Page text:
The European Foreign Ministers agreed to impose sanctions on four Russian senior officials. The four are close to President Putin. The sanctions are, above all, a symbolic reaction to the imprisonment of opposition leader Aleksei Navalny.
He was sentenced to 3.5 years of prison camp at the beginning of this month. Navalny appealed, but a court in Moscow rejected that appeal. His detention has been deducted from the sentence and the sentence has been shortened by six weeks. That means Navalny has to be in a prison camp for over two and a half years.
The sanctions include a travel ban for the EU, and bank balances are frozen. The agreement is likely to be formally approved by the EU in early March. France, Germany, Poland and the Baltic States had called on the EU Member States to send Putin the message that debates and protests should be held in Russia.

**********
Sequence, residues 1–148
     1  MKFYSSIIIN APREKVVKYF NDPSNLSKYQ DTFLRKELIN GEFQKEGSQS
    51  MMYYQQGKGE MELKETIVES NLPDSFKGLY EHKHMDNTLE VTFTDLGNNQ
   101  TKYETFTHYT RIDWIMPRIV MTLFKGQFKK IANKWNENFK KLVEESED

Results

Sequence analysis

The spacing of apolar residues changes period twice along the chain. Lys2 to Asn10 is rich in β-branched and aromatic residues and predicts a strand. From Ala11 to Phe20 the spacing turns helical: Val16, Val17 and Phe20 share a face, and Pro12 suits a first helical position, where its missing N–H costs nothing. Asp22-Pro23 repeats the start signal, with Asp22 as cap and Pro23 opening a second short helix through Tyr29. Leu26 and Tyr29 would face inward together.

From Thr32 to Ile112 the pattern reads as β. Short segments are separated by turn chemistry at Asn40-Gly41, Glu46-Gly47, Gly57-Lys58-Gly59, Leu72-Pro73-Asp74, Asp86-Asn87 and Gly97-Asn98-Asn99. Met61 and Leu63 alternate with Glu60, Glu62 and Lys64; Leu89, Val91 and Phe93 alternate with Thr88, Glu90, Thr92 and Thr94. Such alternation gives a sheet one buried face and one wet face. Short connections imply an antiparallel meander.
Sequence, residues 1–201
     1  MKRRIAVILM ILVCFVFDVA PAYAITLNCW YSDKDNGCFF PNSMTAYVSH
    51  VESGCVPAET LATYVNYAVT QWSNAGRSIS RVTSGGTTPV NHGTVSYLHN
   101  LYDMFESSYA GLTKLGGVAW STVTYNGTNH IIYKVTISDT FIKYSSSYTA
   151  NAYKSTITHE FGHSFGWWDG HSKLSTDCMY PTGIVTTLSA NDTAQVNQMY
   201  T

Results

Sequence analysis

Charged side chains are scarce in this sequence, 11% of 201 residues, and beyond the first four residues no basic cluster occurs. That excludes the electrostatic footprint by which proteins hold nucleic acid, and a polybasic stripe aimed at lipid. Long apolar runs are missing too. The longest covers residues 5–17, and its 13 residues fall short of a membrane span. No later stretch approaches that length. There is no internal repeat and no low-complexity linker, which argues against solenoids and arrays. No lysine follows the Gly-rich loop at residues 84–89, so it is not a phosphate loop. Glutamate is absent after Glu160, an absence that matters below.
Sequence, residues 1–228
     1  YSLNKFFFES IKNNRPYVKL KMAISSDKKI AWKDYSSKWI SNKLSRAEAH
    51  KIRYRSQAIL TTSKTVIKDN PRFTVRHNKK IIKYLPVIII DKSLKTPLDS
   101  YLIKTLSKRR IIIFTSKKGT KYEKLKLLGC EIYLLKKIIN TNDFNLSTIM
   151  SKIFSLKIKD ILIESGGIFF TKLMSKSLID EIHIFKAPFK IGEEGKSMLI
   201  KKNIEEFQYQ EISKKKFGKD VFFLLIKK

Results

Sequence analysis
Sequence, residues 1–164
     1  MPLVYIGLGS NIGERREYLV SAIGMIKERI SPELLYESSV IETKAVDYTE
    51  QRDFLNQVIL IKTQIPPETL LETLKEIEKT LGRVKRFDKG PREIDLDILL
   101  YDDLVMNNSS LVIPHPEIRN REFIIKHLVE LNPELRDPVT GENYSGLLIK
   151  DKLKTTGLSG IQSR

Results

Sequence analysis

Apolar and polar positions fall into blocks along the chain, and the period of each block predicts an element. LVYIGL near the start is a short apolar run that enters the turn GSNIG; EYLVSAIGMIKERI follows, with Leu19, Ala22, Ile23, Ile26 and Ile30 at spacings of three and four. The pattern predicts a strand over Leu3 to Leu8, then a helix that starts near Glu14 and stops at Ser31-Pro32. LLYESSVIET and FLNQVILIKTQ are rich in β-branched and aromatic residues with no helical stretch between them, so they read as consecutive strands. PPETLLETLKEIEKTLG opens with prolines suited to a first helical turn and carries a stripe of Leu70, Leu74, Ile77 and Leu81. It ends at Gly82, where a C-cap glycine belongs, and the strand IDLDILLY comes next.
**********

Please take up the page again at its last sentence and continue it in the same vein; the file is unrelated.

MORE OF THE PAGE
Navalny was arrested in Moscow last month after flying from Germany to Russia. He stayed in Germany where he recovered from a poisoning that almost cost him his life. His arrest led to a wave of protests in Russia.
The German Foreign Minister Heiko Maas said that the decision on sanctions had been taken quickly. He didnt go into details. “The relationship with Russia is certainly on a low burner, there are no other words for it,” he said.
Navalny wanted sanctions for oligarchs
Tackling the four officials is not what Navalny himself hoped for. He spoke with MEPs at the end of November and called on Brussels to impose sanctions against immense Russian oligarchs. If they can no longer dock their luxury yachts in the ports of Monaco and Barcelona, they will put pressure on Putin to change the course, Navalny argues.
CCEit on 3 previously made this video about Navalny: